dc.description.abstract<table><tr><td colspan="2" class="item-title">Influence of Accounting for Treatment Preference on Study Participation</td></tr><tr class="item-sponsor"><td class="label">Conference Sponsor:</td><td class="value">Western Institute of Nursing</td></tr><tr class="item-year"><td class="label">Conference Year:</td><td class="value">2006</td></tr><tr class="item-author"><td class="label">Author:</td><td class="value">Miranda, Joyal, RN, BScN, MN, PhD(c)</td></tr><tr class="item-institute"><td class="label">P.I. Institution Name:</td><td class="value">University of Toronto</td></tr><tr class="item-author-title"><td class="label">Title:</td><td class="value">Doctoral Student</td></tr><tr class="item-address"><td class="label">Contact Address:</td><td class="value">171 Gladstone Avenue, Toronto, ON, M6J-3L3, Canada</td></tr><tr class="item-phone"><td class="label">Contact Telephone:</td><td class="value">416-946-8183</td></tr><tr class="item-email"><td class="label">Email:</td><td class="value">joyal.miranda@utoronto.ca</td></tr><tr class="item-co-authors"><td class="label">Co-Authors:</td><td class="value">Souraya Sidani, PhD, RN</td></tr><tr><td colspan="2" class="item-abstract">Background: Obtaining the required sample size in intervention evaluation studies is critical for maintaining adequate statistical power, reducing the likelihood of type 2 error, and enhancing validity of conclusions. The number of persons who participate in experimental studies has been decreasing in recent years. Multiple factors affect the persons' decision to enroll in the study, such as transportation, personal attributes, and characteristics of the intervention. Participants' preference for treatment options offered in the experimental study has recently been cited as a deterrent to enrollment. The partially randomized or preference trial has the potential of enhancing recruitment and enrollment in intervention evaluation studies. Purpose: The purpose of this study was to investigate the influence of accounting for treatment preference, a key feature of preference trials, on enrollment in intervention evaluation studies. Design: This substudy is part of an ongoing multi-site methodological study. In each site, a different research design was used and different treatment options were offered. The designs were: randomized controlled trial (RCT), waiting-list control (WLC) group, and preference trial. The treatment consisted of behavioral interventions for managing persistent insomnia. The specific treatment options offered under the different designs varied. An experimental and comparison options, considered unequally attractive, were offered under the RCT, WLC, and a preference trial. Two experimental options, considered equally attractive, were offered under a preference trial. Sample: The target population consisted of adults (21 years or older) with persistent insomnia, defined as difficulty falling asleep and/or staying asleep, of at least 3-month duration. Persons with psychological or cognitive impairment were excluded. Potential participants were recruited through advertisement in local newsletters, newspapers, and Internet. A total of 1910 persons expressed interest in the study across the sites. Variables and Analysis: The variables of interest were participation rate, and reasons for refusal to enroll in the study. Participation rate was computed as the number of persons who enrolled in the study and completed initial screening out of the total number of those who expressed interest. Reasons for non-participation were recorded verbatim and content analyzed. Results: The participation rate was lowest under the RCT design (57.5%) and highest under the WLC design (99.7%). In the preference trial, the participation rate was lower when two equally attractive (60.8%), as compared to unequally attractive (96.9%) treatments were offered. The reasons for non-participation did not differ across designs and were primarily related to personal circumstances of participants. Conclusions: The findings provide some evidence suggesting that accounting for participant preferences when allocating participants to treatment groups can enhance recruitment and enrollment in studies evaluating behavioral interventions.</td></tr></table>en_GB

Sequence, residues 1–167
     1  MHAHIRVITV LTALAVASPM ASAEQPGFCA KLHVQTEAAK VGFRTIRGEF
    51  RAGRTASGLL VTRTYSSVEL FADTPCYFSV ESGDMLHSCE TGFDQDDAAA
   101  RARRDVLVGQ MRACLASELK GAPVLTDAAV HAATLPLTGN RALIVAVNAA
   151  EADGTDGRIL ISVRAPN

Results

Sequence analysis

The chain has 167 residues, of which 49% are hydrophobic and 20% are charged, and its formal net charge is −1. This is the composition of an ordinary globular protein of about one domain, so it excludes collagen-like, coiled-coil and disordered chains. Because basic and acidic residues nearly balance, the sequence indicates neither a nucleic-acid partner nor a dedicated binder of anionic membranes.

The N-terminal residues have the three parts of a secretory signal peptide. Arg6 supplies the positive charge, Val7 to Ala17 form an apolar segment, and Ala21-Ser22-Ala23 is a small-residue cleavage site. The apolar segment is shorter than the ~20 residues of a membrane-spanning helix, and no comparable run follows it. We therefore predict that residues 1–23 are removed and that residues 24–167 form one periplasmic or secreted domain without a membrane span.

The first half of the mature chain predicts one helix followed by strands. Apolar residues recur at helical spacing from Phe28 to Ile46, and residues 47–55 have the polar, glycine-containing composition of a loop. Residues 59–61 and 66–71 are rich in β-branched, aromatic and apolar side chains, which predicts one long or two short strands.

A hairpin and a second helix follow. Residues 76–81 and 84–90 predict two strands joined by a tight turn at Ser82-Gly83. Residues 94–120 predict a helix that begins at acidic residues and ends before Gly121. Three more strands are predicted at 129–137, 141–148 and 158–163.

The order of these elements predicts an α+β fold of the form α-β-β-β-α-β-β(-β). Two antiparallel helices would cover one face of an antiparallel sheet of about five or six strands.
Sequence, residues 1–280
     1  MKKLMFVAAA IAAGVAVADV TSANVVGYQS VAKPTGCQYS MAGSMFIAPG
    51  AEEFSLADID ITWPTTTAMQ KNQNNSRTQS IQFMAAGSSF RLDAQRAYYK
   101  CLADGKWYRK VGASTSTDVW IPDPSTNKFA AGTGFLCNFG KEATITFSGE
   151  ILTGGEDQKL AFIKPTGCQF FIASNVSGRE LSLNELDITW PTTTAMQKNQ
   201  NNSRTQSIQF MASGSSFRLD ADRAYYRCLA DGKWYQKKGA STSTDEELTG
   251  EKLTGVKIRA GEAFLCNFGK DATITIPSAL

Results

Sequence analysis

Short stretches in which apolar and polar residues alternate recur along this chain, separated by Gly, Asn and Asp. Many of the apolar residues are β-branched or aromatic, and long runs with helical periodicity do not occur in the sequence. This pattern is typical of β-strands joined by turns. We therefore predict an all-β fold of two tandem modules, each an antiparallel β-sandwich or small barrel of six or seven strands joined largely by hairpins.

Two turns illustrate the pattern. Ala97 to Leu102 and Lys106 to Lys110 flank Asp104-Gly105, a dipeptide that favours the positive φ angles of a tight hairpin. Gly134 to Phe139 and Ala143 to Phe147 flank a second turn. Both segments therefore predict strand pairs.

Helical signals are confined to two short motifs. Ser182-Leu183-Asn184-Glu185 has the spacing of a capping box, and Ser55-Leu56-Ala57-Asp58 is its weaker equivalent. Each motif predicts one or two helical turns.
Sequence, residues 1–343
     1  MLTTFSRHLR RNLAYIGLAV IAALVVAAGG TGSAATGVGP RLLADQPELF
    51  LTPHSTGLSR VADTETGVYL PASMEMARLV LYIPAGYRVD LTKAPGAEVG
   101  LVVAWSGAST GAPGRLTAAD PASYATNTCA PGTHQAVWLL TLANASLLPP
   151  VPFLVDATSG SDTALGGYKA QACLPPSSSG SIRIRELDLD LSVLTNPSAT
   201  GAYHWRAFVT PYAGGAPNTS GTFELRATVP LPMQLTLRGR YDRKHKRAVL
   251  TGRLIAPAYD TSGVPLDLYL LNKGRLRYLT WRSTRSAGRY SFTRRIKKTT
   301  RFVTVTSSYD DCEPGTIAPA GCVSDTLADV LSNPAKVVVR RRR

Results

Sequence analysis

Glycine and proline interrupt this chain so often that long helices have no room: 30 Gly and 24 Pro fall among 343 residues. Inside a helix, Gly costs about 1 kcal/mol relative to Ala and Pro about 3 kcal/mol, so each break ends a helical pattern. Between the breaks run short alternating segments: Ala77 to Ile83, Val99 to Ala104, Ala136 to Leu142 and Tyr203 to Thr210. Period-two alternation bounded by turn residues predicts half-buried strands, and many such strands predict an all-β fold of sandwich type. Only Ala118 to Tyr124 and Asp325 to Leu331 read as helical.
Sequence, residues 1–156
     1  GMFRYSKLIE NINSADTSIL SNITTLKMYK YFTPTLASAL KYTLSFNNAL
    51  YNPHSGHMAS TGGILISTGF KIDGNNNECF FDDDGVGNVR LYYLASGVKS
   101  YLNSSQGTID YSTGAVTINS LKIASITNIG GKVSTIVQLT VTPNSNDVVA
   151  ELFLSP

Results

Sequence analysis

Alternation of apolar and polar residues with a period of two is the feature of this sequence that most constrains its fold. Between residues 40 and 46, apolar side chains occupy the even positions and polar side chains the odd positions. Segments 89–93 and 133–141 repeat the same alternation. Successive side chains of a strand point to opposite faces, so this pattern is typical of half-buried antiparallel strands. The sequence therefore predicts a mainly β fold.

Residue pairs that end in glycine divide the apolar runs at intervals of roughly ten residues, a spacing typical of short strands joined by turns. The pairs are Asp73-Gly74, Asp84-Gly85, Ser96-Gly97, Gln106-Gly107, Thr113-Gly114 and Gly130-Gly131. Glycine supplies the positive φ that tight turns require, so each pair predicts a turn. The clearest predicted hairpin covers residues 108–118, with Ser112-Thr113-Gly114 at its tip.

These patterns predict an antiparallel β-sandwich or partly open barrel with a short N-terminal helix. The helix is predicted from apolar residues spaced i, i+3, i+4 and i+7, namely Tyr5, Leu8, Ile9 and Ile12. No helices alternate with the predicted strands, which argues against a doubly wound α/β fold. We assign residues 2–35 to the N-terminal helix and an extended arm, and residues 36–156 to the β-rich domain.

dc.date.available2011-10-26T20:15:37Z-
dc.date.issued2011-10-17en_GB
dc.date.accessioned2011-10-26T20:15:37Z-
dc.description.sponsorshipWestern Institute of Nursingen_GB